The Devil’s Laughter

This book cover illustration of the Cardinal mass market paperback published in 1954 is a hoot! At least I think it is. It is lurid — the chartreuse of the woman’s dress more so than anything — and completely overblown. How can you not want to know more from seeing it? This is a terrific example of cover art as marketing, and of the sensibilities of 1950’s publishing mad men. the commercial illustrator was contract work for hire, and my father certainly delivered something here.

The novel is by Frank Yarby, a Native American/African American novelist best known for his 1946 Southern historical romance, the Foxes of Harrow, which became the first best-seller authored by an African American. It was ultimately made into a movie, but Yarby was not allowed to attend the premiere of the film because the theater did not accept “coloreds”.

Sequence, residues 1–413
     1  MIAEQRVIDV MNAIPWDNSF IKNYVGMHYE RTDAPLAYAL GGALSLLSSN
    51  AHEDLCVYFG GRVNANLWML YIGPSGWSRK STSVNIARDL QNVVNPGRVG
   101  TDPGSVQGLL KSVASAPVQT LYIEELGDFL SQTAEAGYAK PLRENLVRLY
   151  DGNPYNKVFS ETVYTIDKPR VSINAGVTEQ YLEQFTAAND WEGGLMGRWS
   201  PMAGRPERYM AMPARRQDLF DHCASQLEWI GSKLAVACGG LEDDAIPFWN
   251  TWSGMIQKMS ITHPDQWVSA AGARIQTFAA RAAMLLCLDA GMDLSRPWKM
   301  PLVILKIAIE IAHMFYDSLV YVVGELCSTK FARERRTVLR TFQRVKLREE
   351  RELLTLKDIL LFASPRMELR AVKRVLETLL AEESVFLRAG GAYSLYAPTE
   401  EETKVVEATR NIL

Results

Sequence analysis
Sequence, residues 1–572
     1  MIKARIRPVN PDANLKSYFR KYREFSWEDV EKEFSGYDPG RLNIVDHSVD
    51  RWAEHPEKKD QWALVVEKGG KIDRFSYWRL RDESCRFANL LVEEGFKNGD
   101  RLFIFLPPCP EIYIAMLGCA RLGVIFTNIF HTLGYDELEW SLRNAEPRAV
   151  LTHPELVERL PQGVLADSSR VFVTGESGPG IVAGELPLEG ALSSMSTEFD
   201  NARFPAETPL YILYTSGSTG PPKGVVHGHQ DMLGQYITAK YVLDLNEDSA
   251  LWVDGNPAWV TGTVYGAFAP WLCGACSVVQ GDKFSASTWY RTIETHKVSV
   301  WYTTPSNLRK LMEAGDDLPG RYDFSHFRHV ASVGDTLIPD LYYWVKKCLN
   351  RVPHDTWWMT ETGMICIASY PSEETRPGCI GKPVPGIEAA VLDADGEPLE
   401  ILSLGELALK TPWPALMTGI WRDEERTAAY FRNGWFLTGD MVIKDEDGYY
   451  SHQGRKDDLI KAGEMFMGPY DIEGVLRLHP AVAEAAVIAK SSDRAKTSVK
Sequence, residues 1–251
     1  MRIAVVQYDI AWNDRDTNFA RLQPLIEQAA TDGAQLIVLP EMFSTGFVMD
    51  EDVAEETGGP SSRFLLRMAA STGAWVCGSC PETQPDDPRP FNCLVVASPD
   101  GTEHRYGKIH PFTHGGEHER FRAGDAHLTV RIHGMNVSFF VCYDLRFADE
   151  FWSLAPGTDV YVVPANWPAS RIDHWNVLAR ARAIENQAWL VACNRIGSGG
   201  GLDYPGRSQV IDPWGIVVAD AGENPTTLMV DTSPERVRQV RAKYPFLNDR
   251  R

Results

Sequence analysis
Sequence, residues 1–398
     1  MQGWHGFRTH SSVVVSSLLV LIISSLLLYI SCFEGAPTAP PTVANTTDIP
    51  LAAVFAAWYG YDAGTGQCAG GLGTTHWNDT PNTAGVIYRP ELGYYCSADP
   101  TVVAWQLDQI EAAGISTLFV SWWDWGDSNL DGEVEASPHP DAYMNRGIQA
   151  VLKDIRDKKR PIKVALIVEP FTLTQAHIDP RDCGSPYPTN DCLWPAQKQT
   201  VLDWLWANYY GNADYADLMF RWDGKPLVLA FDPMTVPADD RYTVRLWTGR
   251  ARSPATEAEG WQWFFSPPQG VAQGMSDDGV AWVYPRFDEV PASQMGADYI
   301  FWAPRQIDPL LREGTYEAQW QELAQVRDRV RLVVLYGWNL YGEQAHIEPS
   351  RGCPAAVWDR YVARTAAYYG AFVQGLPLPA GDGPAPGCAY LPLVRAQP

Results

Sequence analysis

Yarby was prolific, with over 30 novels to his credit, mostly superbly written, rollicking romances. This one, from 1953, is a sweeping epic set during the French Revolution. It is graphic, bloody, historically accurate and mostly about the love affairs its protagonist has with three different women. Jean Paul Martin starts out as a poor lawyer from the sticks, and ends up as one of the most important men in France.

I confess I have not read the book. Perhaps one of you has, or will, and then you can tell me how the cover and the title fit in with the description and plot? I would love to know. I’d also love to know where the painting is, and to get a good image of it.

Do You Know About the Clark Hulings Foundation?

A portion of net proceeds of the Clark Hulings Estate are donated to CHF, to enable working artists like Clark to build self-sustaining businesses.

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